200 Seven Sisters for a New Moscow

MTEdelweiss is the only finished building of the New Moscow Ring, which calls for 200 skyscrapers in the next 8 years.
Perched over the Semyonovskaya metro station, the Monte Falcone office building stands 16 partially constructed floors tall. When finished, it will feature 35 stories of mid-priced glass-and-steel commercial space.

And if City Hall has anything to say about it, Monte Falcone will be the 21st century's answer to the so-called Seven Sisters, the Stalin-era skyscrapers that are among the city's most recognizable buildings.

Monte Falcone is one of the first of 200 high-rises intended to become Moscow's new calling card to the world. About 70 percent of the space created will be residential. Twenty-five percent will be office space and the remainder will house municipal government offices.

Yet, where the Seven Sisters were decorated with sweeping arches and crenellated gables and were graced by ministers and movie stars, Monte Falcone, when finished, will be a nondescript office building accommodating middle managers and secretaries.

"It's just an office building, not the best one or the most interesting one," said Ilya Shershnyov, the development director of Swiss Realty Group, which is in charge of the building's marketing campaign.

The city's $5 billion New Moscow Ring, as the building campaign is called, is to be completed by 2015. Sixty lots have been set aside for the hundreds of 30- to 50-story skyscrapers, most located between the Third Ring Road and the Moscow Ring Road.

Construction firms purchase the rights to develop the lots -- usually former industrial zones or areas that have been cleared of older, decrepit buildings -- at open auctions. The bidding starts at $23 million per plot.

Since the program first received City Hall's blessing in 1999, however, only one building has been completed.

But the program has been gaining momentum in recent weeks, as federal and city authorities rush to solve a housing shortage that has seen Moscow apartment prices soar an unprecedented 100 percent in the past year.

President Vladimir Putin on Thursday convened a special meeting to discuss a $770 million plan to increase the amount of affordable housing under construction nationwide.

And Valery Zhilov, general director of New Moscow Ring, the company created to oversee the project, said the program would benefit those who need housing, from people newly arrived to Moscow to those who are already in line for public housing.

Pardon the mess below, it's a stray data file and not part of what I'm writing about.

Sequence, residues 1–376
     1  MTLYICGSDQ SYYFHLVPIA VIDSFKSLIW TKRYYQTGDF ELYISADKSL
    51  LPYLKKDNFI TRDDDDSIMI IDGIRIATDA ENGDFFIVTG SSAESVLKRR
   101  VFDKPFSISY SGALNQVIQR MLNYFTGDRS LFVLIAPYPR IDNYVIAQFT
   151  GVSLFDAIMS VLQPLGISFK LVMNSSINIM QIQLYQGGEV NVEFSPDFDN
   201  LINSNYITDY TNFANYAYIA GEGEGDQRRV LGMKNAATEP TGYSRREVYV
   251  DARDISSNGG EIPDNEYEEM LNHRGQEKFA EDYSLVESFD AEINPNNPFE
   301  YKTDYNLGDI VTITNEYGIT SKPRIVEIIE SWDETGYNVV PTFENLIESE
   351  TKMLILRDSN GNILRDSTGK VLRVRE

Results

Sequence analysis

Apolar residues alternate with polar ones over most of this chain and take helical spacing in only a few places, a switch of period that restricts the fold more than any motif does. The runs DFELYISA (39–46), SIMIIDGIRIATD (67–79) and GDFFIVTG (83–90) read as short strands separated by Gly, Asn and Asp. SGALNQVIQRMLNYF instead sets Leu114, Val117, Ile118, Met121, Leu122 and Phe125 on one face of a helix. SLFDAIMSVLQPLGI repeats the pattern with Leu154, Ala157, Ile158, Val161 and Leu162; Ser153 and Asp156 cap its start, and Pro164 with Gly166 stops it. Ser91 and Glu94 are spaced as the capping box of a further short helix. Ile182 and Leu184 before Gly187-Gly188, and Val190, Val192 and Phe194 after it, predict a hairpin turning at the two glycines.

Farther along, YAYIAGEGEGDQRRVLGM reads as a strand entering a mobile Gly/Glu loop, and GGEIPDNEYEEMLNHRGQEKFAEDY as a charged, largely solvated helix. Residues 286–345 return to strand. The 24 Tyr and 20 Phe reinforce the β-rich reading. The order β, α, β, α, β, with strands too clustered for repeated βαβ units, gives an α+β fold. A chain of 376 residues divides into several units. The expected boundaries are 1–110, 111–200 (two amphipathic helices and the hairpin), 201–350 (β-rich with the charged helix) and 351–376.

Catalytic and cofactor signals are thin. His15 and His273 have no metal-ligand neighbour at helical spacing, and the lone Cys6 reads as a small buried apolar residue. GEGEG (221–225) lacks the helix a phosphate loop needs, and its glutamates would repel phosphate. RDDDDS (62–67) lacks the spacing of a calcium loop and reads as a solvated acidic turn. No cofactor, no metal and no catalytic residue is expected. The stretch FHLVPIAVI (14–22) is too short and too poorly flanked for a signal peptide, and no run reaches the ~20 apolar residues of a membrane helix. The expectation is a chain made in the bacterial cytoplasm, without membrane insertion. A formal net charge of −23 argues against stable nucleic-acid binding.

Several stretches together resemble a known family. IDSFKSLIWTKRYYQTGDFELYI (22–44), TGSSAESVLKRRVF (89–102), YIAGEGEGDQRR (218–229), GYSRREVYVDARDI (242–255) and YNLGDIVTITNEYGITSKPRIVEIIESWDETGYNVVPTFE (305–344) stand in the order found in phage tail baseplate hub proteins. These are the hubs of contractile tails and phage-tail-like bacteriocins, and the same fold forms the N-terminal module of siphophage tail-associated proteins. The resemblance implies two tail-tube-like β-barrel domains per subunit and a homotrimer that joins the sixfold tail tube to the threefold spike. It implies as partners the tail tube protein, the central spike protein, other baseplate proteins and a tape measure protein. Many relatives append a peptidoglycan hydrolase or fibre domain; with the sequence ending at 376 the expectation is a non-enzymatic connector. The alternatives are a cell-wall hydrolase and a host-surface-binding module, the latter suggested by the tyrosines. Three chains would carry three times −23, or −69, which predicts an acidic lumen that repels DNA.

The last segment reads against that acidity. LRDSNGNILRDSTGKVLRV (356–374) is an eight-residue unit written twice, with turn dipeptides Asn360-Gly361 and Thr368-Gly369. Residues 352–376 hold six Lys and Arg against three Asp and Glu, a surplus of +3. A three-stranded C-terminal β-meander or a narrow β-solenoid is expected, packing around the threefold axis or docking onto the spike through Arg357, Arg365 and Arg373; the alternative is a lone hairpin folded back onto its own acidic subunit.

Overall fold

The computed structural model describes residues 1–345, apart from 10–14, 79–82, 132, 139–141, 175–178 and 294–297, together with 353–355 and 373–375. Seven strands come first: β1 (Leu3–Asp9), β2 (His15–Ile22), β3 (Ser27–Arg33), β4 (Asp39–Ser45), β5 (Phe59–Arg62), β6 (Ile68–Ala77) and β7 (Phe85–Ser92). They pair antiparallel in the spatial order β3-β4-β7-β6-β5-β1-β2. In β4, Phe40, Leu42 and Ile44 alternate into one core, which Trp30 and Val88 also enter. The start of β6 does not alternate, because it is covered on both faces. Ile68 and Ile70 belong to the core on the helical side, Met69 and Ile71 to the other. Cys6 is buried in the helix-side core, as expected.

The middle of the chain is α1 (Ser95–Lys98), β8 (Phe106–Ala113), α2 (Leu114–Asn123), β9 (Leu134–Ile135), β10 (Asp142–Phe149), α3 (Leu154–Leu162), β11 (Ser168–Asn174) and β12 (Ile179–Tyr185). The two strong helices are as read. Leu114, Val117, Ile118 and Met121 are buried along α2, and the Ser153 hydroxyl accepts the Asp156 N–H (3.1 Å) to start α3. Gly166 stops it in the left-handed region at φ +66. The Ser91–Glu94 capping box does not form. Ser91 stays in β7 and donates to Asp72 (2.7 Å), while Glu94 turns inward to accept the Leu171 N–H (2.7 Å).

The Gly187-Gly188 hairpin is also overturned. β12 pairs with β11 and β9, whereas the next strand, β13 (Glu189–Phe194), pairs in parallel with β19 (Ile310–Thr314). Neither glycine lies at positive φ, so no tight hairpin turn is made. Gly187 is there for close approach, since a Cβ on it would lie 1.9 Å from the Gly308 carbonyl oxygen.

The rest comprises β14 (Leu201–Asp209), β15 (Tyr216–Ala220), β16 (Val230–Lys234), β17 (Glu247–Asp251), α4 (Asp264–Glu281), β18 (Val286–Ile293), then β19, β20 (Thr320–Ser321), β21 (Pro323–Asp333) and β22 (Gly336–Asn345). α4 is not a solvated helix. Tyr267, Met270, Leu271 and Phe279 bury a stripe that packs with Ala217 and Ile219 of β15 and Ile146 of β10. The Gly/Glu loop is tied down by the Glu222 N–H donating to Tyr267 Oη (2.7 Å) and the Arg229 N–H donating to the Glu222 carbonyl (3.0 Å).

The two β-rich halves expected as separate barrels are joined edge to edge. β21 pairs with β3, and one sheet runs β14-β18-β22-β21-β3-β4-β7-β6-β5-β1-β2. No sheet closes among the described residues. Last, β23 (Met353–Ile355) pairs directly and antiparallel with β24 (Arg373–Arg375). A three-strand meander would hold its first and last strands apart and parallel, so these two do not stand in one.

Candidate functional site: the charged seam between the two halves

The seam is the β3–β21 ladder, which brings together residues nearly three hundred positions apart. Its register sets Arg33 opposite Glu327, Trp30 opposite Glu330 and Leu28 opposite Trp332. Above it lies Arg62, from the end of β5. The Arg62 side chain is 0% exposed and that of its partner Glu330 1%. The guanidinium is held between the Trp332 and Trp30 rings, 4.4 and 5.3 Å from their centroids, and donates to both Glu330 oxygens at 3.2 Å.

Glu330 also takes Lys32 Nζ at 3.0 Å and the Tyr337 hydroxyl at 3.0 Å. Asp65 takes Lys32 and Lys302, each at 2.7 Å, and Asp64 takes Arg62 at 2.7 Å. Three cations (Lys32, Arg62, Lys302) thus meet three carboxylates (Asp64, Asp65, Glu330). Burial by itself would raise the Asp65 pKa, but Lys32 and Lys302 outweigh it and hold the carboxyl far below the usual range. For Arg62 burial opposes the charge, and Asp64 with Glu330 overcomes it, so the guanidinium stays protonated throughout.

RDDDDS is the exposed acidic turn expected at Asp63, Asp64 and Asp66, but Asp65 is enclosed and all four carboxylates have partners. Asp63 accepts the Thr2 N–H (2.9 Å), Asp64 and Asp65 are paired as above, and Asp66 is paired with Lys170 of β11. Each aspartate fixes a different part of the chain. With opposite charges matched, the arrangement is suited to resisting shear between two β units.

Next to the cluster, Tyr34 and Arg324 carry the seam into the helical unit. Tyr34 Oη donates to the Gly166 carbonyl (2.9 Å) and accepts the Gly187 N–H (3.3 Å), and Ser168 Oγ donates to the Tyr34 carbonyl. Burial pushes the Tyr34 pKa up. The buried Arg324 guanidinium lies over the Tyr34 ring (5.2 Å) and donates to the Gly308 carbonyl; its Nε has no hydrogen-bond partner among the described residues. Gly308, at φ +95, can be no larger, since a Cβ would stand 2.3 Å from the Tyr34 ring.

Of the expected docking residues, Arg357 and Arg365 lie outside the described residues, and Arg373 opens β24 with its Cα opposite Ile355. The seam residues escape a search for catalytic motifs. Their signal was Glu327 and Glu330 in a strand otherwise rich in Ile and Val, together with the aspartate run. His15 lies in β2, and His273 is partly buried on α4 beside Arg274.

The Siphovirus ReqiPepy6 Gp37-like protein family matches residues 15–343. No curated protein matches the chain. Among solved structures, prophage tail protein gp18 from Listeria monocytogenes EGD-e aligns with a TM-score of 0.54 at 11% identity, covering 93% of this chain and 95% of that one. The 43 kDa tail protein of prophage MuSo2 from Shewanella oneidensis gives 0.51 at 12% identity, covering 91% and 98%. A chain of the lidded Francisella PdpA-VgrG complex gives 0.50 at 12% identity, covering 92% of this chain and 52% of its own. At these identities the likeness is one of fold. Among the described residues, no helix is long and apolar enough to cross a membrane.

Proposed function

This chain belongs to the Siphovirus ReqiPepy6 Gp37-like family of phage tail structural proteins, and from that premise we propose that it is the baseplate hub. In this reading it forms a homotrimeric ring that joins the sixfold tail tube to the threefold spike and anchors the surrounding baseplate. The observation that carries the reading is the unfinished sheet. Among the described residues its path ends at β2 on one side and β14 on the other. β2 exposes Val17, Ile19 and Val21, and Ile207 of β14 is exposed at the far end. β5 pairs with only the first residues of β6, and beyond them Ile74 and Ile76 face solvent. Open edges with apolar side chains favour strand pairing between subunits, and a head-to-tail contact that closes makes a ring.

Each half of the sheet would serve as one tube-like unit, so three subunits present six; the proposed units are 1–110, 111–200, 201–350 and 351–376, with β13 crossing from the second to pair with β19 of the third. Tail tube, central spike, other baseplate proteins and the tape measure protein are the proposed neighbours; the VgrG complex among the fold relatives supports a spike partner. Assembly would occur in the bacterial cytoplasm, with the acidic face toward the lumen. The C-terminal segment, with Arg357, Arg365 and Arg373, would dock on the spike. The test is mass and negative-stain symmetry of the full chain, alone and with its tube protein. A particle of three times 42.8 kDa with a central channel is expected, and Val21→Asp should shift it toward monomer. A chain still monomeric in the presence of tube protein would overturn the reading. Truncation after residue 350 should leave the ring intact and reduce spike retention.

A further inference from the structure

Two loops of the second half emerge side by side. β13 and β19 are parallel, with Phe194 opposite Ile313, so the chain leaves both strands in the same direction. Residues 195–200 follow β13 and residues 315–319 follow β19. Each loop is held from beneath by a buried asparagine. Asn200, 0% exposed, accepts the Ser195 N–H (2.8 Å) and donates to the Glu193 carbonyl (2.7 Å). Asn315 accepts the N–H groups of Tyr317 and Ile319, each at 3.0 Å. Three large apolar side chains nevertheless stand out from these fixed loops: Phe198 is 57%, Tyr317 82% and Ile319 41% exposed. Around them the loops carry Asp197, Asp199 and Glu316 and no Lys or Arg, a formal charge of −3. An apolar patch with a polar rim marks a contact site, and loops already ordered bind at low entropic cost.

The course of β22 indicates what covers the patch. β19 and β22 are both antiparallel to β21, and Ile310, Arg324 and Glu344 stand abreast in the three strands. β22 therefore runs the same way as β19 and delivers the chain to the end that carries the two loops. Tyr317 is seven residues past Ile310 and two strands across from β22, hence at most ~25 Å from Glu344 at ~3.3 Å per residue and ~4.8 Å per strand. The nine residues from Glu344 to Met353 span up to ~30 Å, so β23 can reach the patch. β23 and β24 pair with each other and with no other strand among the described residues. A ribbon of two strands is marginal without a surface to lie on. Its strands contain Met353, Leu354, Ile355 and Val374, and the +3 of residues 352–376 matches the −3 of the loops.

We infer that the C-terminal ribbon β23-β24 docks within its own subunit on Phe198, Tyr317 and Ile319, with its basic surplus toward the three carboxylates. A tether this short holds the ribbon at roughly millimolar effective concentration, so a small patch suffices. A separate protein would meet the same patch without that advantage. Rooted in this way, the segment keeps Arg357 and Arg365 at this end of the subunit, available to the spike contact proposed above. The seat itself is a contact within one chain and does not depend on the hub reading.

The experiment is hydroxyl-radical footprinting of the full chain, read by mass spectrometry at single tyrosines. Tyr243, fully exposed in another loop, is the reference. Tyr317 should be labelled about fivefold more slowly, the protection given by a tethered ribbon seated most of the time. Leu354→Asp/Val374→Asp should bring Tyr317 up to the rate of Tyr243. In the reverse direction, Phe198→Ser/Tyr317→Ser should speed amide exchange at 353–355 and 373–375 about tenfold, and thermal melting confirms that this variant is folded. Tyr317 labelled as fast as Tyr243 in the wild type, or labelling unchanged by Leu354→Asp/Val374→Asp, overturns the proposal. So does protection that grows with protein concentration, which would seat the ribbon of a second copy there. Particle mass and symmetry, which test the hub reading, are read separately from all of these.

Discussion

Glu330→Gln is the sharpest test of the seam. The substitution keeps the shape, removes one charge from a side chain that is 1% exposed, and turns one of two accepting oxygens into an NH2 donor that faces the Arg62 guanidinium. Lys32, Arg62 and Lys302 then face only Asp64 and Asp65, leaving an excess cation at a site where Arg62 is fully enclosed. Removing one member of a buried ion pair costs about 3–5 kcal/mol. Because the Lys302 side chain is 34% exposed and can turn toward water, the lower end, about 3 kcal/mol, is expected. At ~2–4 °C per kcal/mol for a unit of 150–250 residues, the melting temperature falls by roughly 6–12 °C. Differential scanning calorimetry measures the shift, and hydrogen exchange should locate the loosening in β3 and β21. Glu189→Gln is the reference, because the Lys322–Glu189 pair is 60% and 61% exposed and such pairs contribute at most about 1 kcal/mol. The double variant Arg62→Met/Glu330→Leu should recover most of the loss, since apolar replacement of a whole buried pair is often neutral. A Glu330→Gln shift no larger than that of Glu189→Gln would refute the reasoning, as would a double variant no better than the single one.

"The program is placing an emphasis on putting needy people in these buildings," Zhilov said.

But with real estate prices setting new records each week, even the best-intended City Hall plans could fall before market forces.

On Kutuzovsky Prospekt, the two towers of the 43-story Edelweiss apartment building dwarf Victory Park's lesser spires. The building, which opened in late 2005, is the New Moscow Ring's sole finished product.


Vladimir Filonov / MT
The 1955 Hotel Ukraina, a "Sister"
Edelweiss' parking lot is filled with new cars, many of them Mercedes, Land Rovers and other expensive makes. A security station monitors the gates into the complex's expansive parking lot.

While its pointed turrets make an effort to echo their Stalin-era counterparts, Edelweiss' residents don't brook comparison.

"It's not an analogue," said Sergei, a 34-year-old banker. "The architecture and the ambition of this building aren't the same."

Sergei, who declined to give his last name, said he had moved into the building in June and hadn't heard about the New Moscow Ring since he signed a contract in 2003.

"I thought they'd given up on that," he said. "And this building is hardly public housing. I paid $8,000 per square meter."

Sitting at his desk under a portrait of Mayor Yury Luzhkov, Zhilov listed the program's goals: housing the city's growing population and improving Moscow's infrastructure by building roads and public spaces in addition to skyscrapers.

In New Moscow Ring's office suite on Tverskaya-Yamskaya Ulitsa, tables are covered with models of proposed buildings. The Moscow of 2020, Zhilov said, would amaze people living in the city today.

"The city's new look won't only be commercial, but social," he said. In the process of rebuilding Moscow, Zhilov added, no architectural innovations should be expected, since "even for a good architect, it's difficult to do anything special with a 30- to 50-floor building."

Although progress has been slow to date, Zhilov and other city officials say the program is ready to take off after years of planning that included studying cities from Tokyo to Houston.

Thirty-seven of the 60 plots are currently under development. Last Thursday, an unidentified developer bought the rights to a lot in northeast Moscow for $60 million, and this Friday, another lot will be auctioned.

Back at Monte Falcone, a woman and her 5-year-old grandson watched workers weld and hammer as the sun set Saturday evening.

A sign on the building site says that Monte Falcone will be a 33-story high-rise and part of the New Moscow Ring. The company's promotional literature states the building will have 35 stories.

The woman explained to her grandson that the workers were building a bank. The New Moscow Ring, she said, was probably the name of the bank.

"And it is going to be so tall, and so beautiful. The Lomonosov building, Moscow State University, that's only 27 floors," she said, referring to one of the seven sisters. "This is going to be 33."